A group acts in the film, due to the age of heroes. "Children cluster" is the only, but vividly expressed: 1/2. Heroes - an unrelated, age-homogenous, same-sex (male) group of friends (7%), or younger generation of members of the same family, separated from the older(6%), or young heroine, separated from the family (pupil of closed school) (6%). "Youth" text is wider. Cluster 1/1-unrelated same-age same-sex group (9%) or nuclear family after the loss of one of the parents (mother) with the allocation of the older sister (5%). Cluster 2/1 is a young generation of one family (brother and sister) or a group of young people connected by friendship and sexual relations (5%). Cluster 3/2-single unmarried heroine (10%) or a group of friends, young people (10%). In the "adult" cluster the groups of 1/3 and 4/3 are indicative. In the first one heroes are the expanded Patriarchal family with several children who lost one of parents and therefore looking for support of a sort as a whole (10%), or the lonely heroine - the orphan, the widow (9%). In the second one before us an incomplete family (mainly a woman with small children) (19%), a lonely young unmarried heroine (6%), a couple of unmarried lovers (4%).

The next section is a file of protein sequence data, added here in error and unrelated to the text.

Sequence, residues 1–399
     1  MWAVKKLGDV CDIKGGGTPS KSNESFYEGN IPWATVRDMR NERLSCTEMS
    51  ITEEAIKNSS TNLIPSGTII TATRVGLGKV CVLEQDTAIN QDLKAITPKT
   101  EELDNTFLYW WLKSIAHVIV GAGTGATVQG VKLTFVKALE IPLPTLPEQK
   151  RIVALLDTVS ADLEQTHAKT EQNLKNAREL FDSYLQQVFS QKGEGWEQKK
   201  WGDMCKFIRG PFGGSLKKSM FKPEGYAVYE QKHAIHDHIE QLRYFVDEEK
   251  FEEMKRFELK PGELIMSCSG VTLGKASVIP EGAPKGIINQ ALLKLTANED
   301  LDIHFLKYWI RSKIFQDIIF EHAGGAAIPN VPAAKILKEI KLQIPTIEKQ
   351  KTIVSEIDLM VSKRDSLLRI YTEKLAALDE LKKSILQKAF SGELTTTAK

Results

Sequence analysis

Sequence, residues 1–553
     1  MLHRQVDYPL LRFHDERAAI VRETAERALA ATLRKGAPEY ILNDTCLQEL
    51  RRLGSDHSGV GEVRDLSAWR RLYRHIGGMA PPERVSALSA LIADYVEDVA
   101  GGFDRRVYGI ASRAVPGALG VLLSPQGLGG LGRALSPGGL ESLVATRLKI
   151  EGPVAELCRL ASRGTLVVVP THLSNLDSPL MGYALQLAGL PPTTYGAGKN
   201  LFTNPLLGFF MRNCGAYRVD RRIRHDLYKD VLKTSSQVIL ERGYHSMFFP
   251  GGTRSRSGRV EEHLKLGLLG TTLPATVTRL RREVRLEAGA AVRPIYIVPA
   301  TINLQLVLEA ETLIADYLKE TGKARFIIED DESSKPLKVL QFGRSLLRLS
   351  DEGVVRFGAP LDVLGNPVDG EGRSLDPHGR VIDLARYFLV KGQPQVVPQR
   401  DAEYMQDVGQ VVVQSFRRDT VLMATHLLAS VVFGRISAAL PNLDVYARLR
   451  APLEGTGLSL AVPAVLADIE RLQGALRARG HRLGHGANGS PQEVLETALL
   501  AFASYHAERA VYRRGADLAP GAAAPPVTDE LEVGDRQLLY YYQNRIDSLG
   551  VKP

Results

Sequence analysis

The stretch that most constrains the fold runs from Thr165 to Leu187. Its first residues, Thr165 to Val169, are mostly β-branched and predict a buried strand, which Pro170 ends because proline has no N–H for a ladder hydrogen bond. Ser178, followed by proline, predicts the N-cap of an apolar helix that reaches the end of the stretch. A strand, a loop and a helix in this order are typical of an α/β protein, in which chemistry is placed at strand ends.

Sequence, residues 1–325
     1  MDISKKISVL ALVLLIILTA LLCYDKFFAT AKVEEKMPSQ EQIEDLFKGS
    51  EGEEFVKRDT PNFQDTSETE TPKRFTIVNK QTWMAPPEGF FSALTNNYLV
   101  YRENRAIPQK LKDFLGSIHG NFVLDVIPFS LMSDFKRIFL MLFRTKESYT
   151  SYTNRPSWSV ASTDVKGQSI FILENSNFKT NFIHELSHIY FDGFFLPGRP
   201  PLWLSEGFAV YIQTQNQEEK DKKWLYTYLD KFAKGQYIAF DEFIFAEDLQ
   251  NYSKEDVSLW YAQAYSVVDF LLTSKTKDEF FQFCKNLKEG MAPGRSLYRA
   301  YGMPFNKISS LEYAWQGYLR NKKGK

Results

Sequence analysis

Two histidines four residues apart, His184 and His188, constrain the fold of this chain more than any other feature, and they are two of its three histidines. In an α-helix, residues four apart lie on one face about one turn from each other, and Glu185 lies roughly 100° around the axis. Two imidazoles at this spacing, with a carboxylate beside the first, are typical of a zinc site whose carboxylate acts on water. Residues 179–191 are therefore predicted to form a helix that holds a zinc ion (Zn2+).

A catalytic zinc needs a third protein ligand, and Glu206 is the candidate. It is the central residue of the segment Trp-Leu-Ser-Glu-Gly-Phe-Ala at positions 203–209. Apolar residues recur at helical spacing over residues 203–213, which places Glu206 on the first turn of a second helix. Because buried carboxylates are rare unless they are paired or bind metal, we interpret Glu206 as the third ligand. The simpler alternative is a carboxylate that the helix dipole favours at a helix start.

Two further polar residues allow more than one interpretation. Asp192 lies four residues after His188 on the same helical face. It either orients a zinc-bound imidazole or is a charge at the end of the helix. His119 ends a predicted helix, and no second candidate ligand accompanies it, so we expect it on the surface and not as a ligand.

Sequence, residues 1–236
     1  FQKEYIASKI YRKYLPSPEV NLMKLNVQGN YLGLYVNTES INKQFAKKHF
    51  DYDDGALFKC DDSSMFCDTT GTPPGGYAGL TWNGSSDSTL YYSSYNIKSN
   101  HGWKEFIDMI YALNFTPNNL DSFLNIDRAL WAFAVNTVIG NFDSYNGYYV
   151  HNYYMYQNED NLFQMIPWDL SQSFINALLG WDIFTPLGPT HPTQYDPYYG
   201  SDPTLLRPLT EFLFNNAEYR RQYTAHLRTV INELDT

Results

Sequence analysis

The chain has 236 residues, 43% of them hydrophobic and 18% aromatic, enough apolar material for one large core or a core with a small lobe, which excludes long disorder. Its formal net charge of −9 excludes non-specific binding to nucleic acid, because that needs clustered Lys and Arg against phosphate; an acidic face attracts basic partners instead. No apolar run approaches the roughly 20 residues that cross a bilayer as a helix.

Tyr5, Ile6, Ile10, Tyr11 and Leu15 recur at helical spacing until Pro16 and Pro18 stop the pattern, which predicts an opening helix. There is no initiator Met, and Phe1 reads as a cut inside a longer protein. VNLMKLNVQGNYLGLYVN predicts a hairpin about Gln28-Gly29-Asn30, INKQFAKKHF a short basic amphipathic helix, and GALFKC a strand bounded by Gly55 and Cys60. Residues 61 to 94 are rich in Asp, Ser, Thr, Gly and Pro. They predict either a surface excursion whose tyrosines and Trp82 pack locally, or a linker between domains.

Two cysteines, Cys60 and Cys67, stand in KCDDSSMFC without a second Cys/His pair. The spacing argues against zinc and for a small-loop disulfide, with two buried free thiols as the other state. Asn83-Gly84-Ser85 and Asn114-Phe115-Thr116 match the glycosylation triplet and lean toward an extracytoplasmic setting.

The mental states of the characters, the pace of cognitive processes and the implementation of the events themselves reflect the level of predictability and diversity of the environment. Texts abound with adverbs "suddenly", "suddenly", verbs "stumble", "discover", adjectives "unexpected". The institutional environment of the" children's " text is characterized by the highest predictability (controlled by the hero) combined with impoverishment, monotony. Time in institutional housing is represented by routine, looped in seasonal cycles. Cluster 2/3, where the cognitive processes of the heroes are spontaneous, altered States of consciousness (sleep, trance, dreams) dominate, is remarkable. Time is represented as an unplanned sudden transition to a radically new stage in life. Disorientation is caused by euphoria as a result of the occurrence of positive changes (sudden enrichment and buying or unexpected inheritance of the old luxurious household).

The main factor in controlling the environment is the legal status of the home. In addition to the 2/3 group, legal status is important for group 2/1 with the typical motive of collision of legal owner (the heir or purchaser of the abandoned homes) with criminal actions (squattering or robbery, etc.); for the group of 2/4, where it is said on buying cheap (abandoned) housing, which would remain inaccessible if not for the cheapness associated with stigma; 4/3, where housing also get suddenly, for nothing, or almost nothing, emphasizes its accessibility (most often it is rent, and occasionally inheritance).

Indicator of control over the environment - its personification, the ability of the environment to reflect the personality of the inhabitant. Visually, this expresses the very constancy of the subject's stay in a certain territory, and in his absence - things as property